A funeral represents a purposeful opportunity to reflect on the meaning of a loved one's life. Celebrating the impact of that life is a time-honored tradition for both family and friends. At its core, the traditional funeral service represents a time for sharing in its deepest sense. There is no right or wrong way to plan a funeral service. You and the ones you love are at the very center of the process. The choices you make will determine its significance for you. As you participate in the planning of the funeral service, you help create a meaningful experience for everyone.
At Sunset Hills, our goal is to help surviving family and friends in honoring and celebrating a valued life. We strive to do this in a climate that encourages each person to give and receive emotional support. During the funeral service, family and friends have the opportunity to relate to each other at the deepest levels and find mutual strength.
Traditional Funeral Service
While there is no typical approach to planning a funeral, a "traditional funeral service" is the most traditional and comprehensive approach. This includes preparation of the deceased for viewing and a family or public visitation. Following the visitation, a service is held. This is often at the funeral home or in a church but can be at any location that holds significance. At the conclusion of the service the family typically follows the funeral coach in procession to the gravesite. This ceremonial act of staying with your loved one until the very end is concluded with a brief committal service at the graveside, followed by burial of the casket. A reception or gathering is often held following the service to commemorate the life lived.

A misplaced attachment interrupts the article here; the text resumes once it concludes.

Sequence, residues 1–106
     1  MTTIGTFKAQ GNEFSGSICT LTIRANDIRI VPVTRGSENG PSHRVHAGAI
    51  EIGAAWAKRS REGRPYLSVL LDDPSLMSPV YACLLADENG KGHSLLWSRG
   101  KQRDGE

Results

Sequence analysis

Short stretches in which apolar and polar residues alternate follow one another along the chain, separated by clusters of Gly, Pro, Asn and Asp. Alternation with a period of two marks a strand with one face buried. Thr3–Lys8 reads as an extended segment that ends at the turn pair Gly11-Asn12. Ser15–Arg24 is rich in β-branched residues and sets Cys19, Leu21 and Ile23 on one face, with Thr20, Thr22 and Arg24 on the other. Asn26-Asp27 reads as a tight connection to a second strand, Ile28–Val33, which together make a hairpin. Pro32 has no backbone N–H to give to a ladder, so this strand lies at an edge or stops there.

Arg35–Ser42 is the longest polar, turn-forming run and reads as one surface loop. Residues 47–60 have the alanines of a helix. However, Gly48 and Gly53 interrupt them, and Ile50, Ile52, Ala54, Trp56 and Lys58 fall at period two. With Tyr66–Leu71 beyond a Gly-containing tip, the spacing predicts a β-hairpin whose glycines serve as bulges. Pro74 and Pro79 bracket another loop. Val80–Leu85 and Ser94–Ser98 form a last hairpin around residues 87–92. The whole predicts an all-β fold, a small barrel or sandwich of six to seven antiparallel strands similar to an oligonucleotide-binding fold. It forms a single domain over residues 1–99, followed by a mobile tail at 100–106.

Caskets can vary in cost depending upon how they are made. Most cemeteries require that a minimum grave liner be used to encase the casket with earth burial. These liners are typically constructed of either concrete or polypropylene and are designed to protect the casket from the weight of the earth and maintain the integrity of the gravesite. A sealed vault may also be used. Burial vaults are also constructed of concrete and are designed to protect the gravesite, and they are also manufactured with inner liners that restrict the entrance of graveside elements such as water and earth while increasing the strength of the vault.
The graveside service is often planned in lieu of a traditional funeral service in a facility, though some families take an additional opportunity to say goodbye at the graveside. The graveside service usually follows a time of visitation at the funeral home. The casketed remains would then be transferred to the cemetery, where a graveside ceremony and burial could take place.
Traditional Cremation Service
A traditional cremation service differs only from a complete funeral service in that it is followed by cremation as opposed to a casketed burial. Such a service can be accommodated with a cremation casket, which is designed for cremation. Rental caskets are also available. This approach allows for a traditional hardwood casket to be present at a service or viewing, after which the interior insert containing the remains is cremated.